Norman – Rethinking Design Thinking (again)

I like his catholic priest vibe.

In 2010 Don “Design of Everyday Things” Norman posted “Design Thinking – A useful myth” on Core77. Now he is rethinking design thinking. Apparently the process of revisiting his book and writing new chapters, bringing more examples and making stronger links to the business side of design made him reconsider the whole argument.

Bruce Nussbaum, a the big responsible for the presence of term design thinking (and by consequence design) in the business agenda in the last couple of years also wrote about design thinking been a failed experiment in 2011.

I think both have a huge point. “Design thinking” have reached such level as a buzzword that it kind of get us tired of it. As I have said other times when I got involved in arguments about design thinking been something new or not, if it is valid or not, bla bla bla. For me it was always about finding people who were doing a better design, more empathetic and human centered than the use of the term “design” (an expression even more misused than “design thinking”).

A more efficient keyword / #hashtag. Just it.

Don Norman talks about “the power of the stupid question” as the main asset designers have as outsiders who can challenge the status quo. In this sense I am really happy to be studying in a place where we call ourselves professional idiots – exactly because we learn to ask stupid questions for a living.

Meteors, Culture and Natural Selection

You are probably aware of the meteor falling in Russia this week. You probably also watched lots of high-definition videos of the fire-ball tearing the sky.

As me you probably thought “how did they manage to get all this footage?”. In summary,  because of violent roads, corrupted police and skeptic justice system, dash-cameras are a must have in Russia.

A compilation of outstanding Russian dash-camera videos.

As we sometimes forget technology are tools serving people. People inhabit certain contexts that are important for what they choose or avoid to use. These contexts are made of different factors, but the global/local cultures are crucial to understand why certain innovations arise, are adopted and kept, or vanish away. Therefore, the right innovation needs the right context to flourish.

Just like living creatures in nature, new products/services are trying to survive following rules that resemble natural selection. If in Darwin’s theory the environment plays a major role – with predators, mating rituals and food scarcity – at the innovation field the socio-cultural context is the “environment” determining who thrives an who vanishes. In this particular case the Russian historical, social, cultural, juridical and economical context are setting a stage where small digital cameras fit perfectly.

The good thing about it is that using tools from social sciences (such as ethnography) we can study these socio-cultural contexts using findings to design products/services to fit in these scenarios. Is as if species could plan beforehand how they should be to have better chances of success in a certain environment. True intelligent design.


Now that we had this deep impact on the culture of visual documentation, maybe the habit of 24/7 footage arise in other countries, both to better deal with lawsuits, or just to be ready in case pure awesomeness knocks at your door.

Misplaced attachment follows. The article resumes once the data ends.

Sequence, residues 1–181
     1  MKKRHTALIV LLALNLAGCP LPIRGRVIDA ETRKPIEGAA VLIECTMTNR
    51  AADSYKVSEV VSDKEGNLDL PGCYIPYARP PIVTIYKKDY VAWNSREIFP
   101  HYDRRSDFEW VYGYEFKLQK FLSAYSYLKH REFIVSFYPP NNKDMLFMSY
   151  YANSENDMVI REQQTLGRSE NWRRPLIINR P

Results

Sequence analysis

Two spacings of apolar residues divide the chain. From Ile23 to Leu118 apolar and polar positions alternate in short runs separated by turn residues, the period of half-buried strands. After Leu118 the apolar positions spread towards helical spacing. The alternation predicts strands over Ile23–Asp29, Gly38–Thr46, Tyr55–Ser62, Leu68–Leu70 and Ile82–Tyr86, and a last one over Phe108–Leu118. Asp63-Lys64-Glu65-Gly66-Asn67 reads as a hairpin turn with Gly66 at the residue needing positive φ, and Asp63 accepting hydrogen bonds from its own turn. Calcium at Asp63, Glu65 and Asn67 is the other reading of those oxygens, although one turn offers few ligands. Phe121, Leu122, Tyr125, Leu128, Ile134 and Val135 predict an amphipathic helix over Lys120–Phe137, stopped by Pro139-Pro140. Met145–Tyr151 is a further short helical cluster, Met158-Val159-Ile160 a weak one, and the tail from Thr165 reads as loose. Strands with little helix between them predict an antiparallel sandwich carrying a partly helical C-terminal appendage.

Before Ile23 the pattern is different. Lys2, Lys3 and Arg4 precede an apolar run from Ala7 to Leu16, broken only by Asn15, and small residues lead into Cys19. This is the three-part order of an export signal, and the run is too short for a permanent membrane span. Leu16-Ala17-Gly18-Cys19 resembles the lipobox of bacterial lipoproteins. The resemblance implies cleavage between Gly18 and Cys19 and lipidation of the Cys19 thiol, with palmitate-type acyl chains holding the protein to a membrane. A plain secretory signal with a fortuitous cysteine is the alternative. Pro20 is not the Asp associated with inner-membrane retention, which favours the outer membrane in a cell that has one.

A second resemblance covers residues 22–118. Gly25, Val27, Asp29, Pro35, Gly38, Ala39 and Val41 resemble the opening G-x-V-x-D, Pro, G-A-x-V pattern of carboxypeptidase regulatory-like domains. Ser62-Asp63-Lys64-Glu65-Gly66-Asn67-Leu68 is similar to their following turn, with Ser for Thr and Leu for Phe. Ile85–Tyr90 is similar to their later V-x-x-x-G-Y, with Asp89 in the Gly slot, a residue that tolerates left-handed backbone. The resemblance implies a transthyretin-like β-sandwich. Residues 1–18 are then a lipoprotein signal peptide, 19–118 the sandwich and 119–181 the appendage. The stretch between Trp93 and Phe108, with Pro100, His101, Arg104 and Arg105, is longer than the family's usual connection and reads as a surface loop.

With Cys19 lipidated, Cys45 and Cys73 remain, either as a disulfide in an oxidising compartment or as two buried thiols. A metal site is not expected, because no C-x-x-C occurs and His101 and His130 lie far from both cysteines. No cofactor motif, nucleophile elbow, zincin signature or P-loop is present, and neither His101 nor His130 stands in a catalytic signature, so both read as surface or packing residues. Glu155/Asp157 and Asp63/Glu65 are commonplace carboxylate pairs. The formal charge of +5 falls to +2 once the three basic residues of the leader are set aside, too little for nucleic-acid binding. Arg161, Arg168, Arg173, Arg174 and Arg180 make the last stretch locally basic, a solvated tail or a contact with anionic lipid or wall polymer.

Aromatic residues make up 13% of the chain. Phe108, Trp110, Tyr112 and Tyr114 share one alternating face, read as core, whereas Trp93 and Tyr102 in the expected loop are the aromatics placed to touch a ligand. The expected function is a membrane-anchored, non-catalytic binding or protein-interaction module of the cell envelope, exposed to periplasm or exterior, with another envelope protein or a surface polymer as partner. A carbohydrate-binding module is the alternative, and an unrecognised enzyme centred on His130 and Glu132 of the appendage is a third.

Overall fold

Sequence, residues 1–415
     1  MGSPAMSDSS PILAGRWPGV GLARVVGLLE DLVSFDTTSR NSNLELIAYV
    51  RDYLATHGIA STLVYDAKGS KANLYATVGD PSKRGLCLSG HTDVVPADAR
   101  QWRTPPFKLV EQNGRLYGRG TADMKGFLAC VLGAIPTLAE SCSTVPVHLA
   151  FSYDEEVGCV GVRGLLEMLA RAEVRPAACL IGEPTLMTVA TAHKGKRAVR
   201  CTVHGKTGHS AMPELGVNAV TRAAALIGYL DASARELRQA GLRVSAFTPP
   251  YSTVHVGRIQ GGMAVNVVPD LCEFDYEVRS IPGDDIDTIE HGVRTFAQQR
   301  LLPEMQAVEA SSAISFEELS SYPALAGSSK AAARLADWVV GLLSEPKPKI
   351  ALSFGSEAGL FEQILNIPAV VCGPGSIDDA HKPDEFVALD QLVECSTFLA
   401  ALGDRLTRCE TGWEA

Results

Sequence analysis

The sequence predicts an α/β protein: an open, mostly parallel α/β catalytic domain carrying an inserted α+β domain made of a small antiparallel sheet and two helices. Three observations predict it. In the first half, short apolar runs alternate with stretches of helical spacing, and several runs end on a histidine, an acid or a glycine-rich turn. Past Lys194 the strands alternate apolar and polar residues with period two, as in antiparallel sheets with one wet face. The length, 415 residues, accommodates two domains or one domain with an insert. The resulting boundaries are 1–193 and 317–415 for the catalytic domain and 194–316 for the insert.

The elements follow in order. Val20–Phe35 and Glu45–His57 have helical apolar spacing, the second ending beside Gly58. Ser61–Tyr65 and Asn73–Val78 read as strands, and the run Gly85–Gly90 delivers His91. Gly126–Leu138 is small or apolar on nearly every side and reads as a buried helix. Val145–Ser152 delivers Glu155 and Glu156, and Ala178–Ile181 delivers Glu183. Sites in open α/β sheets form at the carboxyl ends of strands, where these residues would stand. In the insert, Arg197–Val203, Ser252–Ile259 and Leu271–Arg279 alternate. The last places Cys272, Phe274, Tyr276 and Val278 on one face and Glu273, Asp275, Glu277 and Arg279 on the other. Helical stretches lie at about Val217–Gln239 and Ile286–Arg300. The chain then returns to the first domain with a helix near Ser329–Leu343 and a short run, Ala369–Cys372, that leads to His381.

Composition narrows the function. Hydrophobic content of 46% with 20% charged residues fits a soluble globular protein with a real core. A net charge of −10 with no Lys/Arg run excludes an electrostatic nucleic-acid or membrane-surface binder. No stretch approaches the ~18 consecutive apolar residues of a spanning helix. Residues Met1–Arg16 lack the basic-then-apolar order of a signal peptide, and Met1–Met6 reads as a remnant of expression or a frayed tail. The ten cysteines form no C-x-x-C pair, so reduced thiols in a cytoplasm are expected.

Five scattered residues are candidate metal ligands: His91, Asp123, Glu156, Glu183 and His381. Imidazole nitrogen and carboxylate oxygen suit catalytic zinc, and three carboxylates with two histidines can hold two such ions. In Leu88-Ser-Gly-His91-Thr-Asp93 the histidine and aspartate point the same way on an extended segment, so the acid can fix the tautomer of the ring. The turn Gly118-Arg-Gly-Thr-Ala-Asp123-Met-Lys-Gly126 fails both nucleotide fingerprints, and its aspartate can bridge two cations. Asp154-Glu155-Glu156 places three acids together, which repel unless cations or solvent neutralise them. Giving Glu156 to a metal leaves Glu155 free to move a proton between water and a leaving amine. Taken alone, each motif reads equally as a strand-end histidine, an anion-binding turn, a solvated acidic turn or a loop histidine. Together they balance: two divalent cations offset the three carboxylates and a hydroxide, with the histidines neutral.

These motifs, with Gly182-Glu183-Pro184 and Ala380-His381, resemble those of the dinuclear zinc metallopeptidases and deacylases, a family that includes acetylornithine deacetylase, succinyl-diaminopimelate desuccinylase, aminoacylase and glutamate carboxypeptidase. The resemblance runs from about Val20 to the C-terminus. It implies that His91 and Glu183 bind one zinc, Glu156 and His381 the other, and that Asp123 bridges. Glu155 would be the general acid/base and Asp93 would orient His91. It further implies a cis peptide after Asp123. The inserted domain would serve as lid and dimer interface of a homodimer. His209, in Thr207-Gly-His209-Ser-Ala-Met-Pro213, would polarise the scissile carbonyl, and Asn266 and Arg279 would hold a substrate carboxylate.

UPDATE: Why is it not happening in Brazil? 

With the famous corrupt police and technology adoption Brazil should be doing the same thing as Russia. Right? Maybe not.

I guess this phenomenon is not happening in Brazil because of the cultural context. Bribing is usually carried by the person committing the infraction, being the least interested on document it.

Talking about traffic fee for example. Usually the owner of the car is the one trying to get out of the situation. The driver would be the one using the famous “jeitinho Brasileiro” (Brazilian workarounds) to bribe the police officer avoiding a more severe fee.

As far as I know Brazilian corruption have a subtle, almost friendly spirit. A police officer will never openly ask a driver for money, instead what happens is a favor exchange. Starting with a small double-sense chit-chat to feel if the other side would prefer an “alternative solution”. This bribe is called “o dinheirinho da cerveja” or just “pra cervejinha“, which means just a change for a couple of beers (of course many times it is way more than that).

Roberto DaMatta is one of the most respected Brazilian anthropologists and wrote a lot about this behavior.

Extreme Documentation on Ethnography


Big Data was one of the hottest topics in 2012, and probably will keep trending for sometime.

Maybe what make people so exited about it is the numerical proof of things we sometimes “feel” happening, but have a hard time explaining how we came to this conclusion.

At this post Andy Polaine talks about “Self ethnography and the quantified life”, referring to the vast range of products and apps helping people to have an Excel view of their own existence. He also links Gary Wolf’s talk “The Quantified Self” discussing how easy is to document our daily lives and how it have being changing the way people behave.

This week I came across this TED talk from the MIT researcher Deb Roy shows how he used powerful cameras, microphones and data servers to turn his house into a laboratory (Big Brother style). He fully documented in audio and video the whole process of how his newborn learned to speak. Amazing!

But where does it lead us? Are we close to a time where qualitative and quantitative data collection can turn our world in a high-tech version of Kitchen Stories?


It can be frightening depending on your techno-phobia levels, but can kids who were born with their Facebook profiles care much about having their live documented 24/7? I guess they gonna love it!

Furthermore, I dare to say that somewhere out there someone is already trying this kind of extreme approach with a business/innovation focus.



Illustrated Debate: The Future of British High St.